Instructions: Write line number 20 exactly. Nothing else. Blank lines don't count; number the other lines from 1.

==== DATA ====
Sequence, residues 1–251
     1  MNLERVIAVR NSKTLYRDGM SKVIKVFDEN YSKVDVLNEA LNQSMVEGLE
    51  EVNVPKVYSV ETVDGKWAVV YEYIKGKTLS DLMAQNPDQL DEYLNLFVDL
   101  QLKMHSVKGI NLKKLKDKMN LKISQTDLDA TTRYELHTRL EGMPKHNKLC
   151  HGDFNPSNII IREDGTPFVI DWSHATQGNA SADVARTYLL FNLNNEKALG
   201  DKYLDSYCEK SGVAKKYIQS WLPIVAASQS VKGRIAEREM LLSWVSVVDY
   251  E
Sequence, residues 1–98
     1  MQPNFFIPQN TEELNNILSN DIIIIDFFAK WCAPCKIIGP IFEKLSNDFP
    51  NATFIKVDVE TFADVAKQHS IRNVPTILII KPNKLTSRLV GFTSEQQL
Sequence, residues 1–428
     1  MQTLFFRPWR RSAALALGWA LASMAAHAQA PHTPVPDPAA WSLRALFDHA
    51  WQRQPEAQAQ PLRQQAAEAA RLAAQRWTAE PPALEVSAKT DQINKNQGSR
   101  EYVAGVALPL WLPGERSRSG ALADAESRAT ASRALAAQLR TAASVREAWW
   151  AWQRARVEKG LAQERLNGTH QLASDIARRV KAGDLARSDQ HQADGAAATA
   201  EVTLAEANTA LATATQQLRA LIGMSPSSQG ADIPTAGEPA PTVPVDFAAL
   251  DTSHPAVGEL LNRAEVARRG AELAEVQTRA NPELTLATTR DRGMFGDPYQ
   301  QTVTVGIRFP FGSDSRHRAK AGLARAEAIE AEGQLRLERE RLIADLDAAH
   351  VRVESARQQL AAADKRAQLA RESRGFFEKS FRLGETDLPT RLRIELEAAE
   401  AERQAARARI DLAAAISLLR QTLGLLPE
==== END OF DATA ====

   401  AERQAARARI DLAAAISLLR QTLGLLPE